#5 – Solve your questions ASAP!
College classes tend to operate with the “snowball effect” as the primary method for subject progression. That is, the information is cumulative and the last things you learned will be key to understanding the next things! So whenever you don’t understand something or have a question on the subject, get your question answered as soon as possible. Whether asking during or after class, via an email or phone call to the professor, or even asking a fellow student, you need to stay current on the topic to be ready for the next things to come. Don’t let the holes in your understanding be wells of knowledge for the future!
#4 – Get to know some of your classmates
This can be extremely difficult and stressful for many people these days. Meeting people is becoming increasingly difficult in a world of social stigmas and fears of disapproval. I won’t tell you how to meet people, just that when you do, the benefits will be immediately apparent. Have a friend to sit with during class, have someone to lean on for notes from a lecture you missed, be able to bounce questions and ideas off someone, and most importantly, have someone to check answers with of your tasks Before you hand it in, are all spectacular reasons to get your nerves down and start saying “Hello! My name is….” to the people in your class.
#3 – Explore other classroom resources
Many class outlines will have “optional” reading listed along with the required textbook. This is often a HUGE opportunity for easy grades and guaranteed success in the specific class. Professors are human just like you and me. Their job is to convey the required material and then test you on it. If they’re using the required textbook as a reference for the learning portion, where do you think they’ll get the material for the testing portion? If you said “the required textbook”, you are wrong and need to stop thinking like a high school student! Professors often take test questions from their favorite textbooks, getting quality assessments from a trusted source. Those preferred textbooks are often listed as optional reading material on the class website or course outline. Also, don’t forget about the mighty Internet. YouTube is an insane resource for How-tos, recorded lectures from other schools, and general knowledge videos on every imaginable topic. Also use Wikipedia and Google to find extra (often better!) resources on whatever you’re struggling with.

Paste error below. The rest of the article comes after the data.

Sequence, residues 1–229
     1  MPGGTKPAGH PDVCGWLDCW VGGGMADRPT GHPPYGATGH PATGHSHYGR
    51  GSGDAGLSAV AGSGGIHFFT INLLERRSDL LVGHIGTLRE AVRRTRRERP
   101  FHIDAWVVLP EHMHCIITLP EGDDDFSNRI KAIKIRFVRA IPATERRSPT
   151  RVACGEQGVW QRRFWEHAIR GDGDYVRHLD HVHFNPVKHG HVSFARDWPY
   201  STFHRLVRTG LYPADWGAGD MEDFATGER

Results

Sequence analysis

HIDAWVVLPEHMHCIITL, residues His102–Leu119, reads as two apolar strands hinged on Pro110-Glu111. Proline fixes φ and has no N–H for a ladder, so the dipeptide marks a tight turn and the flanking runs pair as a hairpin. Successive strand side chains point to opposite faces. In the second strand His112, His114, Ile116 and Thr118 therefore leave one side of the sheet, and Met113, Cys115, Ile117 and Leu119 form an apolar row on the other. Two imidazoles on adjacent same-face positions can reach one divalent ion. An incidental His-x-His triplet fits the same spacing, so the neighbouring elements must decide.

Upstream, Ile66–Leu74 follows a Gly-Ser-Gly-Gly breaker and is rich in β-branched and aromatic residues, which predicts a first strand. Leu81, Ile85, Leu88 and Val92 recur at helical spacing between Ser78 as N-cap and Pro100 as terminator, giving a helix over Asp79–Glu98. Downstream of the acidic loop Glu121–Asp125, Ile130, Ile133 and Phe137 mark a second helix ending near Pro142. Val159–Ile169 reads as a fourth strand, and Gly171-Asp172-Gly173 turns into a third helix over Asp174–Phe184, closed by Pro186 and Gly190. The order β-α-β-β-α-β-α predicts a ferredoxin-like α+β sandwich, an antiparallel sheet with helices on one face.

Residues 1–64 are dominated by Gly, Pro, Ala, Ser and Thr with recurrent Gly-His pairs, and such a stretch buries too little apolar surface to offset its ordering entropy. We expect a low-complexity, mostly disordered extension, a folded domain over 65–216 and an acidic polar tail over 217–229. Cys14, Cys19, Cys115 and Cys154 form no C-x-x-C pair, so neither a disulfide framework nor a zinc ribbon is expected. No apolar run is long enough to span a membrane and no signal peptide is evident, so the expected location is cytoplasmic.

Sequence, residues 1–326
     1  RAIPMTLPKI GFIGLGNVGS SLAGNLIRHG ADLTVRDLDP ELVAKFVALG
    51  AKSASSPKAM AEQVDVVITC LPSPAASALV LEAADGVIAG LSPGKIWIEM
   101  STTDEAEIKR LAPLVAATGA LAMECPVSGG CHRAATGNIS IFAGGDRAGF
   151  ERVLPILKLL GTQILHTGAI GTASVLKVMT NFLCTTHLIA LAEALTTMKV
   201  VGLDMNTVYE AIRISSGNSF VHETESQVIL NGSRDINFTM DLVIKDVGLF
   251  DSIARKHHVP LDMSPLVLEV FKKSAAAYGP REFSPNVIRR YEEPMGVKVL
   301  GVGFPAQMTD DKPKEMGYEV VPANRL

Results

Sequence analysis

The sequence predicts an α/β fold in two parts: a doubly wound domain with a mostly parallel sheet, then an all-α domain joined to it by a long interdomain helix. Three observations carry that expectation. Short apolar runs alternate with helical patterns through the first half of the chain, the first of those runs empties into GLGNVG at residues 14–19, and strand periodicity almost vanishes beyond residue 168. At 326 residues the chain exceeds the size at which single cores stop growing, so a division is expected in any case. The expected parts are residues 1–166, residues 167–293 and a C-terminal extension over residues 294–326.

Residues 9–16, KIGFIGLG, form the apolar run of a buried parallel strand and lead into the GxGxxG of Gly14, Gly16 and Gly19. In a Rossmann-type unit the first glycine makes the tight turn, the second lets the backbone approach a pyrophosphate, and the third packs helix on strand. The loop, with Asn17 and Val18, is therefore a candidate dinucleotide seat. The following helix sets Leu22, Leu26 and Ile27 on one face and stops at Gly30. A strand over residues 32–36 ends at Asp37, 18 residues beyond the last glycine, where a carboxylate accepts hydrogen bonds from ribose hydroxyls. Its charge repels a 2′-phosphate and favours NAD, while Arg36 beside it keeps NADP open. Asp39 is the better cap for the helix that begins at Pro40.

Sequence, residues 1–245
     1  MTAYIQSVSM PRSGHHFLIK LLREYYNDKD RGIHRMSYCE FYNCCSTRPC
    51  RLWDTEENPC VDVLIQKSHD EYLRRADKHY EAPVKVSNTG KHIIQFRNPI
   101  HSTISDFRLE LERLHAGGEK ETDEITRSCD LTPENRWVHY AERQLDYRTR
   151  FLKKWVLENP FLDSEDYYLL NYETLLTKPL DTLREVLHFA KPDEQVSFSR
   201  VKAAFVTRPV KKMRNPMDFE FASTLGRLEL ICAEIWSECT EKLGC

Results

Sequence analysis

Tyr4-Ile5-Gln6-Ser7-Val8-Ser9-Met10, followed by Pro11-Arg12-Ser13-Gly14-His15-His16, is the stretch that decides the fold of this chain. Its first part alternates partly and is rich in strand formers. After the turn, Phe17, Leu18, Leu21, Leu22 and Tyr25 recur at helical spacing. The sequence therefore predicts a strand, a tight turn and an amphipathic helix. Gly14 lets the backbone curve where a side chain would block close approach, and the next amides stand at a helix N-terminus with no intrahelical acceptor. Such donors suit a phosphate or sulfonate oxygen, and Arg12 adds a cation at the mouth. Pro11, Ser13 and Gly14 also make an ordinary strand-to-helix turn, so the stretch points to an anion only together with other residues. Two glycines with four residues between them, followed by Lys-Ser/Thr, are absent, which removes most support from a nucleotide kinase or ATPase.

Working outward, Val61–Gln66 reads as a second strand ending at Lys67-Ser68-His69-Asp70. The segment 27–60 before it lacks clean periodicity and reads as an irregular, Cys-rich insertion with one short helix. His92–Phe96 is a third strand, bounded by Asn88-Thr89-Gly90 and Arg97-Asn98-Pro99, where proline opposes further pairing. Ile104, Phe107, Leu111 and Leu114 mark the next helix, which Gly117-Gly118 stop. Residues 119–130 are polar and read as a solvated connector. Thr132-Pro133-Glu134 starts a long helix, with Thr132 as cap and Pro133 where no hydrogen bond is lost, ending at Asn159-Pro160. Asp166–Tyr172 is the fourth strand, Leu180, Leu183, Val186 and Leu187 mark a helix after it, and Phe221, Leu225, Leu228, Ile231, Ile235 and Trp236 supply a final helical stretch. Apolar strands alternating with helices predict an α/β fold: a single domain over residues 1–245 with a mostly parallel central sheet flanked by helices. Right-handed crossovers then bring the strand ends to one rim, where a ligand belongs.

#2 – Pre-Read the lesson material
I discovered this by accident, even though it is, or should be, common sense. One night I got bored. Really bored. I picked up a textbook for a class I had the lesson of the next morning and started reading from where we had stopped in the previous lesson. It was hard to understand and it took a lot of concentration to get through it, but the next day in class while listening to the professor, it crystallized in my mind and it was easy from then on. It had the added benefit of engaging my long-term memory, giving me a greater and deeper understanding of the material. It makes sense when you think about it, I was essentially learning the material twice. Once independently and once with the help of an expert. These combined into a solid understanding that I still possess today. Now I’d like to suggest that you do this for every class, every night. But we all know that’s not reasonable, so what I suggest is to use this technique for anything you find very difficult or abstract. That way you’ll have a big head start understanding and mastering the hard stuff, leaving plenty of time to fill in the gaps with the easy stuff!
#1 – Go to class!
While going to class seems too simple to be our most effective study habit, it really is, and I’ll tell you why. Going to class not only keeps you disciplined and focused on what you need to do in college, but it also allows you to absorb the subject just by attending class. If you are an auditory learner this is huge because just listening to the lectures will create an understanding which should be enough to get through the lecture itself! If you are a visual learner, looking at notes written on the chalkboard or reading slides during the presentation will give you the understanding you need to pass the lesson. Going to class also ensures that you get the latest news on assignments, tests, quizzes and exams directly from the mouth of your professor. You don’t want to be that student who shows up to class once a week only to find out that there is a test scheduled for that day! Simply going to your classes the way you should is far more powerful than most students realize. If you look at the above nine tips, you’ll see that most of them actually require this step as a prerequisite, so it should also be an indicator of how important it is to attend class without fail.
As a student who has both failed classes and received honors in classes, I can definitely say that the above tips and techniques will work for you. Whether you want to use some or all of them is up to you, but remember that college is an individual sport and you’ll only get back what you’re willing to put into it! I hope you found these tips helpful and informative, good luck and stay classy!